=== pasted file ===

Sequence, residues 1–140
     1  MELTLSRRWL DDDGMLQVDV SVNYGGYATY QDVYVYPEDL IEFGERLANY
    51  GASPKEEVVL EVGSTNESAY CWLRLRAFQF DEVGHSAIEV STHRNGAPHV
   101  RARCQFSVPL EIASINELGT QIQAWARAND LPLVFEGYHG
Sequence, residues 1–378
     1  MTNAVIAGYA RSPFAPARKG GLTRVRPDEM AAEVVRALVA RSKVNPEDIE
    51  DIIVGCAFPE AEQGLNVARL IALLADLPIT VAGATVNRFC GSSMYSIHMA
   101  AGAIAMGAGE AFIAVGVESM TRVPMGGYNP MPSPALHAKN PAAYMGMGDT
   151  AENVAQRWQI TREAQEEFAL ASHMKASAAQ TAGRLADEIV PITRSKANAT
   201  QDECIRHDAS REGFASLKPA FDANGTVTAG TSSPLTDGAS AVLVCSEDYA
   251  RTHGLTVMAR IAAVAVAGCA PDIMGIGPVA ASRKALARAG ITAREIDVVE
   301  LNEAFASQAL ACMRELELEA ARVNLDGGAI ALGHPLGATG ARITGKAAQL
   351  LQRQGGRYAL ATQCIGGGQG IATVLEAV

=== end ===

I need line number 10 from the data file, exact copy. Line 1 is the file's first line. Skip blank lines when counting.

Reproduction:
   201  QDECIRHDAS REGFASLKPA FDANGTVTAG TSSPLTDGAS AVLVCSEDYA